No fewer than 150 farmers in Ogun were trained on Friday on the importance of good nutrition and balanced diet in eradicating malnutrition in the country.
The training was organised by the International Fund for Agricultural Development (IFAD) through its assisted Value Chain Development Programme (VCDP) at Ifo in Ogun.
The News Agency of Nigeria (NAN) reports that the training had the theme: “Improving Nutrition Outcome through Agriculture’’.
Participants trained were selected from five local governments in the state comprising: Obafemi/Owode, Yewa North, Ijebu-Northeast, Ijebu East and Ifo.
Mrs Sidi Osho, the National Consultant Mainstreaming Nutrition into Agriculture for IFAD-VCDP, said it was important for farmers to have the knowledge and benefit of taking adequate and balanced nutrition.
Osho said the training would help in checkmating the problem of malnutrition in the country, especially among children.
“We noticed that most of our farmers are not only hard working but are also high producers of cassava and rice.
“However, they tend to sell a lot of their produce without having the information and education on balanced nutritious food for themselves, especially on crops they produced themselves.
“IFAD also did a survey and it was discovered that in six states of the Federation including Ogun, there were severe malnutrition and stunting.
“According to the survey, it was discovered that 42 per cent of children in Ogun under the age of five are stunted, that is they are too short for their age.
“So, we saw the need to integrate nutrition into cassava and rice because of its health benefits and inculcating education on adequate and balanced nutrition into the lives of the people.
“We have identified some other recipes that can be produced from Vitamin A-fortified cassava, which would help improve the nutritional value in their household and also generate income for the farmers,’’ Osho said.
She decried the low level of knowledge about good nutrition among farmers and their families, saying that it called for quick intervention.
The consultant said that eating nutritious and balanced food was very important for farmers as it would help protect them and their household from sickness.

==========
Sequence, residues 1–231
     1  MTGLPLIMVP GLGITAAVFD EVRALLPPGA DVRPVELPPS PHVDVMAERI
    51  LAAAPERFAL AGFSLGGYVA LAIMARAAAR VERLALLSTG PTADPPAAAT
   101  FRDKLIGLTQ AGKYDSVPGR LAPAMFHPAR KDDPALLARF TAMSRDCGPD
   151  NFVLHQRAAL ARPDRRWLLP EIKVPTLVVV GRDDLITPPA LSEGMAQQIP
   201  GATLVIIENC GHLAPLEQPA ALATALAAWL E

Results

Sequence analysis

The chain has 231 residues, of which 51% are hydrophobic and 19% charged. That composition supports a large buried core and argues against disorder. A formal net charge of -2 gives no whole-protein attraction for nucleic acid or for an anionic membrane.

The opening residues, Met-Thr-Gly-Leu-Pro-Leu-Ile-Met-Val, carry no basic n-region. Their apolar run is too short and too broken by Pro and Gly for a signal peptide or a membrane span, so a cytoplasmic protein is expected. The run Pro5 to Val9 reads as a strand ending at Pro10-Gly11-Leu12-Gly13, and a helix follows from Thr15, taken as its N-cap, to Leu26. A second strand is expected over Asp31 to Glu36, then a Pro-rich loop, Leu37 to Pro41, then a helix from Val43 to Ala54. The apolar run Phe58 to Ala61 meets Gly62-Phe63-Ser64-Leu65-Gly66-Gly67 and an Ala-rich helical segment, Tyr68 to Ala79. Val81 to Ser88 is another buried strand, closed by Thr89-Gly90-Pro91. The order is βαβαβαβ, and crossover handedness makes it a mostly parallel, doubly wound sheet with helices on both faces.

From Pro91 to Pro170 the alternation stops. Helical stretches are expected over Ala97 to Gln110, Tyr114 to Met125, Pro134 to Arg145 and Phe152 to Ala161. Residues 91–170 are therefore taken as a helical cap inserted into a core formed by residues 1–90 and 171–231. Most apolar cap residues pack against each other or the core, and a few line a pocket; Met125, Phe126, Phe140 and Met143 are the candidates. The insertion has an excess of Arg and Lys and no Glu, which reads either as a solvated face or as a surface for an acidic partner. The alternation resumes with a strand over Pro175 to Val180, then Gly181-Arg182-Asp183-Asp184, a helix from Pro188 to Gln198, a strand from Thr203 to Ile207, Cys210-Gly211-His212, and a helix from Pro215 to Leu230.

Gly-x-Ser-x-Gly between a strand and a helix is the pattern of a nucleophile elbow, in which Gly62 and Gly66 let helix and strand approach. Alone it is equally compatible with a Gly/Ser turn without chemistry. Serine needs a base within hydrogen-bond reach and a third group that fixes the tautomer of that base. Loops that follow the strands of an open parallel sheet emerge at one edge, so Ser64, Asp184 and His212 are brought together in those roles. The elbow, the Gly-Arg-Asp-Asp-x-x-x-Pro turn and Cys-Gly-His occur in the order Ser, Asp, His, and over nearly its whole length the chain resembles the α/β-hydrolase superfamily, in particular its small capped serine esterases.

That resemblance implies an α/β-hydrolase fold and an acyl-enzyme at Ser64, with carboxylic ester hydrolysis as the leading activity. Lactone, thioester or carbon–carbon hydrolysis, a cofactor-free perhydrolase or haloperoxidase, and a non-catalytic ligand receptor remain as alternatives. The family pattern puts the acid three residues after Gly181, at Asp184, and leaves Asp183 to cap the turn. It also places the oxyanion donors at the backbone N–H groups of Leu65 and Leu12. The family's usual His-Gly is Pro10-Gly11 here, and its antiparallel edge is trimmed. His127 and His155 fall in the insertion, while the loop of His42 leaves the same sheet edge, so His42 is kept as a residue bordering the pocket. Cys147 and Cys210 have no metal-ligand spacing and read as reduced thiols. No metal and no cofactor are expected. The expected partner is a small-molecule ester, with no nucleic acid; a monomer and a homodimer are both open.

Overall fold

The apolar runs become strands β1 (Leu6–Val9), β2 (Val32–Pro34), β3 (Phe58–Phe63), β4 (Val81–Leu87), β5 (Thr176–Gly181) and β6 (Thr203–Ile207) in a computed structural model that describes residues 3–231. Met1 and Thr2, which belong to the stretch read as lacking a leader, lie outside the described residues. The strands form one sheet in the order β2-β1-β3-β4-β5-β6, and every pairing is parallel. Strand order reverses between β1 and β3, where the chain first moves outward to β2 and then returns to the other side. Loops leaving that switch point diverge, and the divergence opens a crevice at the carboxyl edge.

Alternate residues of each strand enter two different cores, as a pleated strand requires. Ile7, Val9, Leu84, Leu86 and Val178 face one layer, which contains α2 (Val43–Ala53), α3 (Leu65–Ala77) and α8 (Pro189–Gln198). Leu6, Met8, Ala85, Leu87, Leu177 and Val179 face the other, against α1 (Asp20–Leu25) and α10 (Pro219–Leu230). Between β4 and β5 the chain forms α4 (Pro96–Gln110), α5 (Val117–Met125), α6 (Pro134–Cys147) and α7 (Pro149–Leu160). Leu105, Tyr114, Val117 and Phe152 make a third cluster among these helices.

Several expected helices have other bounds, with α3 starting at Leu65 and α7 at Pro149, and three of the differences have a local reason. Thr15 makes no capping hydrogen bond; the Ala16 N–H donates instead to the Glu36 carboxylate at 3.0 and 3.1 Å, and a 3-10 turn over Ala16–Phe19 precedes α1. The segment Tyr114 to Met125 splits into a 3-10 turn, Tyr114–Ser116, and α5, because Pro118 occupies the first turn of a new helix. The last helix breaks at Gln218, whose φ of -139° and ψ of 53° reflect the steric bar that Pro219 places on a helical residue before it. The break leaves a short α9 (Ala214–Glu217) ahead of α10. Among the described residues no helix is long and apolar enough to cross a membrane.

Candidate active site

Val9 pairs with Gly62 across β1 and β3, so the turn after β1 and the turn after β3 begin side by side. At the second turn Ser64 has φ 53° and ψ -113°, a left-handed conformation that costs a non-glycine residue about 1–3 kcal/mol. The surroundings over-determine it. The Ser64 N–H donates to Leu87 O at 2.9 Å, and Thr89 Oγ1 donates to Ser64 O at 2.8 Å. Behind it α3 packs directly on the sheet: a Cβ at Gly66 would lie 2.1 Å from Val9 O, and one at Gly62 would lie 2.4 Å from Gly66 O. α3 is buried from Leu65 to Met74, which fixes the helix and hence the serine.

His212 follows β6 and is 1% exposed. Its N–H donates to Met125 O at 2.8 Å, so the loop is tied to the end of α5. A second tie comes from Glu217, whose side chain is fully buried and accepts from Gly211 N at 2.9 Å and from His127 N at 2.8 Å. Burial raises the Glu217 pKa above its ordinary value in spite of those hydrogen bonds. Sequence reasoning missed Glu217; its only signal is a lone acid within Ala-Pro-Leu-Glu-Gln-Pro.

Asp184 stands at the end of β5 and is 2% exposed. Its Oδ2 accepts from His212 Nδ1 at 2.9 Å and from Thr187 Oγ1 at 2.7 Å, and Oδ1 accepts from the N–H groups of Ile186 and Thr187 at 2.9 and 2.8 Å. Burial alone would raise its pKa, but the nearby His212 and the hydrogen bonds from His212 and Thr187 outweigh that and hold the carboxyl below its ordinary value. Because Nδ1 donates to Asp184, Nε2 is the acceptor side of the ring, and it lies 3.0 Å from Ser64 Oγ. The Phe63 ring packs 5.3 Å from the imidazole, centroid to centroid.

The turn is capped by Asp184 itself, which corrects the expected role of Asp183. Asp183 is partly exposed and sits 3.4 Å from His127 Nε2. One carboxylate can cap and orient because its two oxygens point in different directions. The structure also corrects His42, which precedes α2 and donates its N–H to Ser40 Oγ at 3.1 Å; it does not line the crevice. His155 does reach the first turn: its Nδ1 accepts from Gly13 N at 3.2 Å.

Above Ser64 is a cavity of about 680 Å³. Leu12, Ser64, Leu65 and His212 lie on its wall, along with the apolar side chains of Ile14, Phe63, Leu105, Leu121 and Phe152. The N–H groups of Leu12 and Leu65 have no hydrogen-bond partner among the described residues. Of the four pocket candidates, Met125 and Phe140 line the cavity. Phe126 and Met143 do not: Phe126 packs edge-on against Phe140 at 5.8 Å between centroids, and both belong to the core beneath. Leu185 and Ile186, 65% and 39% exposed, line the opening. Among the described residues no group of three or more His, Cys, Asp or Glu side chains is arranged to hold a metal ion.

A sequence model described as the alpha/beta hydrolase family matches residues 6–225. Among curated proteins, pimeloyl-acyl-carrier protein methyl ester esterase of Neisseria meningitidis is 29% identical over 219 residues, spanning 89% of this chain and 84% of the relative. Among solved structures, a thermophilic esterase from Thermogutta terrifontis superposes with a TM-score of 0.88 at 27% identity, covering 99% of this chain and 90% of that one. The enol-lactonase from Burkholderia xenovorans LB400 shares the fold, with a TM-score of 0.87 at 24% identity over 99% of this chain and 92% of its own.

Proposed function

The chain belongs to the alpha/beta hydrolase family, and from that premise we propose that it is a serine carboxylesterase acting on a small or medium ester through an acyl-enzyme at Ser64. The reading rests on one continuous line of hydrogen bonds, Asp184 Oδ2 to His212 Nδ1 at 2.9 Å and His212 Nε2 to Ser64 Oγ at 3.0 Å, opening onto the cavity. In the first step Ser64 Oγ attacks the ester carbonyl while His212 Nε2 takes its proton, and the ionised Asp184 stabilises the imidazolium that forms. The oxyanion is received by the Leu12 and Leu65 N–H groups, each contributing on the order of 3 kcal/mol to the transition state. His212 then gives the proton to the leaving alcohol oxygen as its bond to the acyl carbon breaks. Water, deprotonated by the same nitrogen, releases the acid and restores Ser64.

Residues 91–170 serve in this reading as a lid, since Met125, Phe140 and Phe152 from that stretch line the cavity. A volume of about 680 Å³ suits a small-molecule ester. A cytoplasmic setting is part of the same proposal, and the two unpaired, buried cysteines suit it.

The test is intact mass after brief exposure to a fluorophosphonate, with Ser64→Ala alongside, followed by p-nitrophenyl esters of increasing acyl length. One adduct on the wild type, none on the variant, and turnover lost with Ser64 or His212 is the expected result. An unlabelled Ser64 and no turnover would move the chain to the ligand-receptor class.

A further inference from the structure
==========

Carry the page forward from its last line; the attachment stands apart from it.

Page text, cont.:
According to her, it will also increase food production in the country, because when farmers eat nutritious balanced meals, they will be healthy enough to work on their farmland.
She urged the trainees to apply what they learnt in their households and to also train other people in their various communities so as to address malnutrition in the country.
Also speaking, Miss Balikis Kukoyi, the State Consultant, Mainstream Office to IFAD -VCDP, said that eating good and balanced meals would not only eradicate malnutrition but also improve health and longevity.
Kukoyi spoke on the correction of malnutrition in the country, good hygienic practices, maternal nutrition, breast-feeding and food production.
“As farmers, there is the need to eat balanced meals. At least a meal must contain a minimum of four food groups: protein, fat and oil, mineral and vitamins.
“There should also be a change of recipe after each meal. The idea of repeating a particular meal for a whole day is not healthy, even if the meal is rich in content,’’ she said.
Kukoyi said that maternal nutrition was very important among female farmers, advising them to eat good nutritious food, especially during pregnancy and breastfeeding to help in development of the child’s brain.
She advocated good nutritional supplements for children under the age of five and urged mothers to practice exclusive breastfeeding for at least six months.
The state consultant urged farmers to be hygienic by washing their hands regularly, drinking clean water and cleaning their environment, so as to prevent themselves from getting sick.
On food production, she advised women farmers to have an entrepreneurial mind set, to be creative and skillfully to improve the nutritional value of their homes and generate income.
Kukoyi suggested some recipes for vitamin A fortified cassava, which included cassava moi-moi, combobite and cassava chin-chin, among others.
She urged the participants to take good advantage of all that were taught and to also extend the training to other farmers in their communities.
Speaking on behalf of the participants, Mrs Elizabeth Adenekan, commended IFAD-VCDP for the training, saying it would not only help in addressing the issue of malnutrition but also help in reducing poverty among farmers.
Adenekan pledged that the farmers would practice what they had learnt and would also train other farmers when they return to their various communities.